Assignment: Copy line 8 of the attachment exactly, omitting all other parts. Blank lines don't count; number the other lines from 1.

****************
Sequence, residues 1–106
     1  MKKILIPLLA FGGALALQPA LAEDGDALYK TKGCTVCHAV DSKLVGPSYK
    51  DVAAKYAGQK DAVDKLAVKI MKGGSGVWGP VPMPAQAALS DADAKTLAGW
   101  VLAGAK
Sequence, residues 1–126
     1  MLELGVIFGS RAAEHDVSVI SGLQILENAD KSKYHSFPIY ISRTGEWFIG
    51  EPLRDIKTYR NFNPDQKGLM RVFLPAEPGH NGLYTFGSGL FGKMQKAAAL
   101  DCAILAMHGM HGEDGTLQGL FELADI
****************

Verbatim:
   101  DCAILAMHGM HGEDGTLQGL FELADI